• The kube-proxy daemon running on all the nodes will remove the pod’s ip address from iptables.
  • The endpoints controller will remove the pod from the list of valid endponts, in turn removing the pod from the Service .
You don’t need to know the details of each system. The important point here is that there are multiple systems involved, potentially running on different nodes, with the sequences happening in parallel. Because of this, it is very likely that the pod runs the preStop hook and receives the TERM signal well before the pod is removed from all active lists. This is why the pod continues to receive traffic even after the shutdown sequence is initiated.

On the surface it may seem that what we want to do here is chain the sequence of events so that the pod isn’t shutdown until after it has been deregistered from all the relevant subsystems. However, this is hard to do in practice due to the distributed nature of the Kuberenetes system. What happens if one of the nodes experiences a network partition? Do you indefinitely wait for the propagation? What if that node comes back online? What if you have 1000s of nodes you have to wait for? 10s of thousands?Unfortunately there isn’t a perfect solution here to prevent all outages. What we can do however, is to introduce a sufficient delay in the shutdown sequence to capture 99% of the cases. To do this, we introduce a sleep in the preStop hook that delays the shutdown sequence. Let’s look at how this works in our example.We will need to update our config to introduce the delay as part of the preStop hook. In “Kubernetes in Action”, Lukša recommends 5–10 seconds, so here we will use 5 seconds:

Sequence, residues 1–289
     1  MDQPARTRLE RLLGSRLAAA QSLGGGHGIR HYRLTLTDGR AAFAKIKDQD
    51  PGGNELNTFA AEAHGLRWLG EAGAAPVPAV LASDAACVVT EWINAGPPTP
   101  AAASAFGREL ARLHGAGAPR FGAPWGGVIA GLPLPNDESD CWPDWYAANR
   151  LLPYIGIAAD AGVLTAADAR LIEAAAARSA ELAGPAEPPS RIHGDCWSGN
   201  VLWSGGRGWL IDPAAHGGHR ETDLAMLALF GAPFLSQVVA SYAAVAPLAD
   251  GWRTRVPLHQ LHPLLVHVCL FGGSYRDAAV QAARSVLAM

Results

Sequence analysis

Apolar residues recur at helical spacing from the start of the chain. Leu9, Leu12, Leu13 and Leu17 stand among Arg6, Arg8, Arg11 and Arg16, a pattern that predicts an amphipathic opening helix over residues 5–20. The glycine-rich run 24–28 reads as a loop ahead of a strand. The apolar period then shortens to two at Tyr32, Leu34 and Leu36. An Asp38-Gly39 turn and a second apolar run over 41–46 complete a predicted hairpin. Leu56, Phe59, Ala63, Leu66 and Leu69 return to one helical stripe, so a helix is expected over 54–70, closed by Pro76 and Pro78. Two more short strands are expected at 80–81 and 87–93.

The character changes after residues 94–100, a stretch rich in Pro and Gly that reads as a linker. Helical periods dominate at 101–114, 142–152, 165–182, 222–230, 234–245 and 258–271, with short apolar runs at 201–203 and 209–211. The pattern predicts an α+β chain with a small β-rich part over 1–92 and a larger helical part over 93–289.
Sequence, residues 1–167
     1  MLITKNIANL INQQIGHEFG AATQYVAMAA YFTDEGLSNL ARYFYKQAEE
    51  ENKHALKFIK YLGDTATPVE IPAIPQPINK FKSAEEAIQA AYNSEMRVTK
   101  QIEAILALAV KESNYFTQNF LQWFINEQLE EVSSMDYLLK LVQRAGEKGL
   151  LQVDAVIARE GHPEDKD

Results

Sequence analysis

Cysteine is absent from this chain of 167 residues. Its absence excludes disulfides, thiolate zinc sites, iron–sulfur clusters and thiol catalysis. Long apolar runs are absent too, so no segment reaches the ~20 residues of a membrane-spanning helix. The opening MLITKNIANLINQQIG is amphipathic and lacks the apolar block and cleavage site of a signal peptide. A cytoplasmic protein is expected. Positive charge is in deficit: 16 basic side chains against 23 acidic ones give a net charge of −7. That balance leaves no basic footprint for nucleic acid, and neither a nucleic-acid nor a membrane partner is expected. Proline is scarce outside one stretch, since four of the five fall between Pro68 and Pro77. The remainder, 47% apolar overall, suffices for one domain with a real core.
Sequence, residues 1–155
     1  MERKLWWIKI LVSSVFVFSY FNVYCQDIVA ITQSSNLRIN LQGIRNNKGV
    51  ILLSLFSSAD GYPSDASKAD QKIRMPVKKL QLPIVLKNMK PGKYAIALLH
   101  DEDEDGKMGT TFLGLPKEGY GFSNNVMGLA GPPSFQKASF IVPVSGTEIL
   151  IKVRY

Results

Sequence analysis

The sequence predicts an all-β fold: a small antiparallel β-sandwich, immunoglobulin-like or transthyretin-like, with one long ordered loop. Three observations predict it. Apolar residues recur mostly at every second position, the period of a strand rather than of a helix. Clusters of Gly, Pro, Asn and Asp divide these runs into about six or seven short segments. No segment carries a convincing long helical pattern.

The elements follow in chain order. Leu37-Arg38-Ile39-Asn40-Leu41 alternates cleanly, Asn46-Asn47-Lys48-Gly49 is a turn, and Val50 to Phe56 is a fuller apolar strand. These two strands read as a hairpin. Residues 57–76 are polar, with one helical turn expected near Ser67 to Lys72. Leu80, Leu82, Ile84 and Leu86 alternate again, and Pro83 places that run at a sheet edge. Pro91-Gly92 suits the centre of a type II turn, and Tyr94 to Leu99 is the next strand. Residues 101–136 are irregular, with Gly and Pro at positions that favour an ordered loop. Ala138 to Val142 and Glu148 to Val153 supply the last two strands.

lifecycle: preStop: exec: command: [ "sh", "-c", # Introduce a delay to the shutdown sequence to wait for the # pod eviction event to propagate. Then, gracefully shutdown # nginx. "sleep 5 && /usr/sbin/nginx -s quit", ]
Now let’s walk through what happens during the shutdown sequence in our example. Like in the previous post, we will start with kubectl drain , which will evict the pods on the nodes. This will send a delete pod event that notifies the kubelet and the Endpoint Controller (which manages the Service endpoints) simultaneously. Here, we assume the preStop hook starts before the controller removes the pod.